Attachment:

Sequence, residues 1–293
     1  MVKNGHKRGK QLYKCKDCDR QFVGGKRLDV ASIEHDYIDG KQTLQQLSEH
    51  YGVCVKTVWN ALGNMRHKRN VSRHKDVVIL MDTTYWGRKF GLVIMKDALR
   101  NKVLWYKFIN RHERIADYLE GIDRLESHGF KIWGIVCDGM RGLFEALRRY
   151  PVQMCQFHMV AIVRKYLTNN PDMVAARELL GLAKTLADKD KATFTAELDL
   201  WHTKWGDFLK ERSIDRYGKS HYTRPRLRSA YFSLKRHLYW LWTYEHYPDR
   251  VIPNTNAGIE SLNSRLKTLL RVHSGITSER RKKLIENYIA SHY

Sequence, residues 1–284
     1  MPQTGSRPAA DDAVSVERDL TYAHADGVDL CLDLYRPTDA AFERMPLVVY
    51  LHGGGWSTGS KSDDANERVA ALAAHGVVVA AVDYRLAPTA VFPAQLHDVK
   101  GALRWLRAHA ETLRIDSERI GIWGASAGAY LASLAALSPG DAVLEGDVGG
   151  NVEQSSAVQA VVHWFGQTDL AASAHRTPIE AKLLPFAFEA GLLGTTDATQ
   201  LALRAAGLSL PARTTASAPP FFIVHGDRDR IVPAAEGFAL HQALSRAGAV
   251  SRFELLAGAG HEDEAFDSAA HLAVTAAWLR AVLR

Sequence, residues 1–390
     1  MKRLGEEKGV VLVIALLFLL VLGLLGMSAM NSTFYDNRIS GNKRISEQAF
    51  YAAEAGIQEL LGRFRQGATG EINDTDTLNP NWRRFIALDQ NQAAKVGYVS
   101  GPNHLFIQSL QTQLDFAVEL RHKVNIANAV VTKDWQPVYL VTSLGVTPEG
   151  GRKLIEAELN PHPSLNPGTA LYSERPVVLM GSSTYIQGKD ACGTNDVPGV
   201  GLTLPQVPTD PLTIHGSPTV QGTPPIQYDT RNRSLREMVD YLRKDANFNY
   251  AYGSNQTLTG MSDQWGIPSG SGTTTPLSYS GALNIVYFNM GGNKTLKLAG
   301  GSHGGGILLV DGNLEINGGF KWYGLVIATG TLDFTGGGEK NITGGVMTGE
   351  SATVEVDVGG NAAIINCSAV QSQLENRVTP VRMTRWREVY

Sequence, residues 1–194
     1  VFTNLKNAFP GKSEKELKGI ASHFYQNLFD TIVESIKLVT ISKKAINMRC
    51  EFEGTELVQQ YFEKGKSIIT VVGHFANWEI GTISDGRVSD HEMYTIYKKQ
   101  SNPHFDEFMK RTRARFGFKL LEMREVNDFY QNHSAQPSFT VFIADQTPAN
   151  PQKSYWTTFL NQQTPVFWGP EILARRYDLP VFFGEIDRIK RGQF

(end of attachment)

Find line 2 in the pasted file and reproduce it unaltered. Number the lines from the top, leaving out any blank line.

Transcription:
     1  MVKNGHKRGK QLYKCKDCDR QFVGGKRLDV ASIEHDYIDG KQTLQQLSEH